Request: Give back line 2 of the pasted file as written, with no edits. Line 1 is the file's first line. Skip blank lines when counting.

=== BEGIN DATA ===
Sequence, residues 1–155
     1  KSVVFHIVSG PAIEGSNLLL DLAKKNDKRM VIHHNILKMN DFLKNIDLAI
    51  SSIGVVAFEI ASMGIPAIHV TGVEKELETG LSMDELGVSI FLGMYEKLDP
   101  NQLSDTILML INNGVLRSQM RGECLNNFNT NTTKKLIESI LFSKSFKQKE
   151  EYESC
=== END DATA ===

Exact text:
     1  KSVVFHIVSG PAIEGSNLLL DLAKKNDKRM VIHHNILKMN DFLKNIDLAI